The University of Washington football team completely crumbled in the worst season by any team in recent memory. The team had a promising young quarterback in Jake Locker, but this stunning finish against BYU in the second game of the season foreshadowed what was to come. Locker was hurt two games later while throwing a block and from there the season spiraled out of control.
The Seahawks, meanwhile, were still fresh off a run of division championships and a trip to the Superbowl. However, the 2008-09 season started strangely with coach Mike Holmgren announcing that the season would be his last and that assistant Jim Mora would take over as head coach in a year’s time. Age caught up with players like RB Shaun Alexander and OL Walter Jones while injuries struck the team at historic rates.
Yet, there was something more than just losing going on in Seattle. In 2008, the city lost coaches Mike Holmgren, John McLaren, and Tyrone Willingham. Businesses large and small also began to leave, most notably with Washington Mutual shutting its doors during the financial meltdown. But it was the loss of the Sonics to Oklahoma City, that underscored the feeling that the good ship Seattle was sinking.
Some Seattleites gave up on professional sports and started cardboard tube dueling instead.
Is all this losing a Pacific Northwest phenomenon? Up in Vancouver, the NHL’s Canucks endured 15 consecutive losing seasons. This was a North American record until the Pittsburgh Pirates surpassed that with their current 18 season skid. A historic hockey loss that haunted Vancouver for a generation occurred during the Summit Series between Team Canada and the USSR in 1972. The fans rough treatment of their team at the height of the cold war was an embarrassing and defining moment. The hockey gods shunned Vancouver for nearly forty years until Sidney Crosby finally brought some form of championship hockey to the west coast during the 2010 Winter Olympics. BTW, try watching the best three minutes of video on the internet (see below) and you can almost hear good old Canadian pride mixing with the release of a generations worth of Vancouver angst. With their hockey house in order, Vancouver fans finally prepare for the Canucks to make a legitimate run at the Stanley Cup this spring. UPDATE: Well, the Canucks made it to the finals and lost to the Boston Bruins. After the game seven home loss, Vancouver gave us another embarrassing riot (see 1994 loss to Rangers). However, we will explore about the psychology of Vancouver fans another day.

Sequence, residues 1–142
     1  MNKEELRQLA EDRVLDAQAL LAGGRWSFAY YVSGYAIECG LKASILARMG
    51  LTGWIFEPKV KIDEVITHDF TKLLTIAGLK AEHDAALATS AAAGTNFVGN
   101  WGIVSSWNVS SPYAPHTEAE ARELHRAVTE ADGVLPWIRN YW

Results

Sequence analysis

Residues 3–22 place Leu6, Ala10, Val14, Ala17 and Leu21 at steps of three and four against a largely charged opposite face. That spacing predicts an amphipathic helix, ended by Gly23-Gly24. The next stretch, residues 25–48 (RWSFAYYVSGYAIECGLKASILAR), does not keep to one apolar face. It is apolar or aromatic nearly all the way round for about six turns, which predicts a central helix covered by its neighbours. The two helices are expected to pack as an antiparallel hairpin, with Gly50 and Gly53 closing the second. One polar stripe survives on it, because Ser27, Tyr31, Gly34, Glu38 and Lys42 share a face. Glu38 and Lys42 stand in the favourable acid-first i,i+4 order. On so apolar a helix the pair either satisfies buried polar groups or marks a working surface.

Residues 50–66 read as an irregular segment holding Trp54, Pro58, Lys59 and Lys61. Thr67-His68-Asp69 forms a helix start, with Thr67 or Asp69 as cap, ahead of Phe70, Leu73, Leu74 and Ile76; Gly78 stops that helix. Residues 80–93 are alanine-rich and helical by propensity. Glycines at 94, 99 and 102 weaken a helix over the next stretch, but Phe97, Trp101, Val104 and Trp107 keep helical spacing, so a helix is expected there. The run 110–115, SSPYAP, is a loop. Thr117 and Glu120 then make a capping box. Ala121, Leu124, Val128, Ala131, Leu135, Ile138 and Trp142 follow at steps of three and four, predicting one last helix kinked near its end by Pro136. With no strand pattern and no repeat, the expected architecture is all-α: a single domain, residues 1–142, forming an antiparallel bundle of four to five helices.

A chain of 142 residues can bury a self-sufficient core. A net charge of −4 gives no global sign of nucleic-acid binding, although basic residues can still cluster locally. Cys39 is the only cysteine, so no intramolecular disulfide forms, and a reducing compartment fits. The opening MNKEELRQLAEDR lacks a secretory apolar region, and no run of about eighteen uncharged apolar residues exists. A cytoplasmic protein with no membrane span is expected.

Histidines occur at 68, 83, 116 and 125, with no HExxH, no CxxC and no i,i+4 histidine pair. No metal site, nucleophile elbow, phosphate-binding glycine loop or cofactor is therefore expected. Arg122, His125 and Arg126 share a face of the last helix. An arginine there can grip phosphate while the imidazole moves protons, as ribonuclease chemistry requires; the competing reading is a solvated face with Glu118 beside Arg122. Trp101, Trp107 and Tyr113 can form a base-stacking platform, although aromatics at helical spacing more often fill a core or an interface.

ECHOS & REBIRTH. Back in Seattle, the Mariners have finally started rebuilding their team from within. Although the team is not expected to compete this year, they are committed to develop their own talent rather than building through free agency. Justin Smoak, Michael Pineda, Dustin Ackley and the upcoming #2 draft pick will join Felix Hernandez as a young group of players that the team hopes will lead to a more successful future. Still, there’s most likely much development (=losing) in the immediate future. The Seahawks have already begun their rebuild under the effervescent Pete Caroll. The new team had a successful first draft and has continued to turn the roster over at every opportunity. The team made the playoffs with a 7-9 record, but followed that up with a memorable win over the defending champion New Orleans Saints in the first round. The signature run by Marshawn Lynch was literally earthshaking and signaled that finally something is starting to happen in Seattle. Meanwhile, the UW football team had an up and down season that ended with a dramatic bowl win over Nebraska and sent Jake Locker off to the NFL a winner. More importantly, new coach Steve Sarkisian has brought stability and competitiveness back to the program. Although the void of the Sonics is slow to fill, the Seattle Sounders and Storm have combined to provide quality sports entertainment options. The Sonics will return some day. Seattle has retained the Sonics name and when an arena is finally arranged, it is likely that both an NBA and NHL team will be major tenants. So some day, hopefully some day soon Seattle’s pro teams will rise again.